THE world and his dog claim to have been at that famous gig at Manchester’s Lesser Free Trade Hall, in 1976, when the Sex Pistols burst into British culture.
But few actually were. And even fewer can claim to have set it up and played at the show as the support act.
Except the Buzzcocks.
After reading about the Sex Pistols in the NME the band’s Howard Trafford – who changed his name to Howard Devoto after a London bus driver – and Pete McNeish, now known as Pete Shelly, travelled to London, watched them perform and persuaded the wretched rockers to play in Manchester.
The gig became a pillar of rock history while putting the Buzzcocks on the punk map. Not only had the Buzzcocks brought the Sex Pistols up North, they introduced the idea of ‘indie’ music. Not as we understand it – i.e. wishy washy bands playing nondescript sounds – but music produced independently of a major label.
Steve Diggle explains. “We had a distinctive sound and put out what we did on our own label, New Hormones. We knew we couldn’t get a record deal at first so we did it ourselves. Then about six or seven companies contacted us!”
Their music was raw, ballsy, lyrically naked and shrewd, but now, Diggle says, most bands are producing a sound that’s lacking in oomph but meeting corporate criteria.
“You can smell it a mile off in bands,” he says. “You know they’ve had the marketing team at them. But when we started we had to really think about our music. We weren’t just entertainment – we were singing with extreme emotion and never holding back.
“People could see right through us because they were looking at a band that was real. When Turner painted the sea he tied himself to the mast and held his breath – he experienced the sea himself.”
And, like a rough sea crossing, The Buzzcocks’ history is one marked by break-ups and reunions. Now the band are back on the road, writing, recording and performing.
“We are experimenting with free-form music and our gigs are now covering a lot of ground. We played in Holmfirth recently and it was really rocking. People see that what we are playing is real.”
Their latest album, the aptly-entitled Air Conditioning, is a record about political brainwashing in Britain. “It’s about political annihilation – there’s a song on there called Plastic Titties, about the X Factor,” says Diggle, singing a lyric from the song to illustrate his point ‘I saw you on TV…”.
The Buzzcocks have witnessed several of the most pivotal and saddest moments of rock and roll’s history, not only the ascension of the Sex Pistols but the rise and fall of Joy Division, who supported The Buzzcocks in the late 70s, and latterly, the demise of Nirvana’s Kurt Cobain.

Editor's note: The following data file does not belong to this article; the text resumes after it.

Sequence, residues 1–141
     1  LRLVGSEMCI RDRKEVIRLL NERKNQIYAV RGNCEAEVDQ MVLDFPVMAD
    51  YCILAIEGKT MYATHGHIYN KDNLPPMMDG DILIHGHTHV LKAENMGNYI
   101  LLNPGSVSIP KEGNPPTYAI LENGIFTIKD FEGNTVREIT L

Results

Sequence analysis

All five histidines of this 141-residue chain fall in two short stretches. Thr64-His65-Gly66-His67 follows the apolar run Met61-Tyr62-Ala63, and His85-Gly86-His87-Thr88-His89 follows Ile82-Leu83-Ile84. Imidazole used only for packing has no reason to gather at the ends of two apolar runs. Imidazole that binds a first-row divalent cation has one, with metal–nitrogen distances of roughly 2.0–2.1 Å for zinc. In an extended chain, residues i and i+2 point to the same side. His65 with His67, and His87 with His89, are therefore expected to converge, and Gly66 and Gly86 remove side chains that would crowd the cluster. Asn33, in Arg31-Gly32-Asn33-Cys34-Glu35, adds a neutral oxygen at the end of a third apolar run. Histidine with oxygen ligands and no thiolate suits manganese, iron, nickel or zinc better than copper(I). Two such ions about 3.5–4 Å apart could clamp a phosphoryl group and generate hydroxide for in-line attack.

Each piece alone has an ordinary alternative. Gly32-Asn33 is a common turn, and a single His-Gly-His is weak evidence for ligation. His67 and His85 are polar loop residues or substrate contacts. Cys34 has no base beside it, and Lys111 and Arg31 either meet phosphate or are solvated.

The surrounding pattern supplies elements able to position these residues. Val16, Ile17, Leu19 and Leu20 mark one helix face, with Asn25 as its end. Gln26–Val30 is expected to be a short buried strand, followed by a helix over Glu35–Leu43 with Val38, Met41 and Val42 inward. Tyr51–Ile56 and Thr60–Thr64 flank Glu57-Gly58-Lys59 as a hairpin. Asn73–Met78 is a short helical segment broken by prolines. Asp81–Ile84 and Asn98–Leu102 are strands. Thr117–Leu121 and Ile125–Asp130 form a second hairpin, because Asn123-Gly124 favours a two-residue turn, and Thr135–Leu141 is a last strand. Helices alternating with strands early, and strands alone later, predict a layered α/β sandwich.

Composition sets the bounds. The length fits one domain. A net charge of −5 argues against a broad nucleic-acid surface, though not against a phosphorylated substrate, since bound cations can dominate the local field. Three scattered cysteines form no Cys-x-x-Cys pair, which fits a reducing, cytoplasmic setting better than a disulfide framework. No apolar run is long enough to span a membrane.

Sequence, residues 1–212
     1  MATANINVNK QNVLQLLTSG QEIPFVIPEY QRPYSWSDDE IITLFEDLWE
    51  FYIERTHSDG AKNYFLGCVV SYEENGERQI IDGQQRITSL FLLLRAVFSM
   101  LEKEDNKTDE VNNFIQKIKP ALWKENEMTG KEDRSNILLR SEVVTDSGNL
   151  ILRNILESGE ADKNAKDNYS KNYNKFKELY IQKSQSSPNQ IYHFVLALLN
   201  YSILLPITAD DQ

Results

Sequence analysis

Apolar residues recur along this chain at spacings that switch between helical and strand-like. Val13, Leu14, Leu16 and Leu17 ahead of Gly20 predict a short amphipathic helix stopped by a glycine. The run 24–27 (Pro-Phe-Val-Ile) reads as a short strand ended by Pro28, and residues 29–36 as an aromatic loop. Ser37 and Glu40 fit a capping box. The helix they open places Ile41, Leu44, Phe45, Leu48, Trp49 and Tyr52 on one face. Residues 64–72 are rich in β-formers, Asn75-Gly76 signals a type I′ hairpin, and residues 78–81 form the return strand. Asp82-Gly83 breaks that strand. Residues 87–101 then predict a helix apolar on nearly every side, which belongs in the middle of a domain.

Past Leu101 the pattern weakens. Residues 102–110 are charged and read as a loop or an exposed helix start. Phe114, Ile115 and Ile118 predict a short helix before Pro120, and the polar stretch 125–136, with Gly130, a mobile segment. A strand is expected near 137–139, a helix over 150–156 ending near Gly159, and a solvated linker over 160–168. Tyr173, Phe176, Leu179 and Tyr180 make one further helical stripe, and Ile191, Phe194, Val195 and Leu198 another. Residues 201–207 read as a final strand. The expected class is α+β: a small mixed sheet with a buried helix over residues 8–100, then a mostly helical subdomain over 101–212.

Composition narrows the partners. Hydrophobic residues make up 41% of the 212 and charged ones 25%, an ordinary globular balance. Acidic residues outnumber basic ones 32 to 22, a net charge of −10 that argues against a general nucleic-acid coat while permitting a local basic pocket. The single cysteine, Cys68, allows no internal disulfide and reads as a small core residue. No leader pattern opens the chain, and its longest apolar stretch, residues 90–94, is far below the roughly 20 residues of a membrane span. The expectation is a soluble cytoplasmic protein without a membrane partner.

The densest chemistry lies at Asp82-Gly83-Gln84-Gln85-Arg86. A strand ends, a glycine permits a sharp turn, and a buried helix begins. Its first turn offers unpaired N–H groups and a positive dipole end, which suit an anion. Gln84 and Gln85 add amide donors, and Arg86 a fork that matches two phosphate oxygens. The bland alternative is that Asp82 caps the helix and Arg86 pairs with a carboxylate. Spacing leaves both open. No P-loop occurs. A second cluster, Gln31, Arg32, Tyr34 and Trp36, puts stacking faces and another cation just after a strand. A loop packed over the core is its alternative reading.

“We toured with Nirvana on 12 of the European dates on their 1994 European tour. We were big friends with Nirvana and the band came to see us in Boston. I didn’t know Kurt would shoot himself. He was a really humble man – like somebody who had just stepped out of the door and stumbled upon all this fame.
“He was really sensitive and nice but on stage Nirvana was intense – I remember thinking they were very Led Zeppelin-like in that way, especially with Dave Grohl’s drumming.”
Kurt Cobain wasn’t the only artist to have worked with the Buzzcocks and taken his own life. Joy Division frontman Ian Curtis hanged himself in 1980 – barely a year after supporting the Buzzcocks on a 24-venue tour.
“Then we appeared on Marc Bolan’s TV show and he died in a car crash. Even when we signed our first record deal we turned on the telly to discover that Elvis had died.”
Fingers crossed, there won’t be any such tragedies following the Sheffield show. But one thing is guaranteed, a set that spans the band’s career with plenty of cutting-edge new material to throw at the crowd.
The Buzzcocks play as part of a punk all-dayer at Corporation, Milton Street, alongside Angelic Upstarts, Subhumans, King Kurt, English on the Bus, Poundaflesh, The Hyenas, The Fxxwits, Sickpig, Cryo-Genics, Dogs, Drongos For Europe on Saturday from 1pm onwards.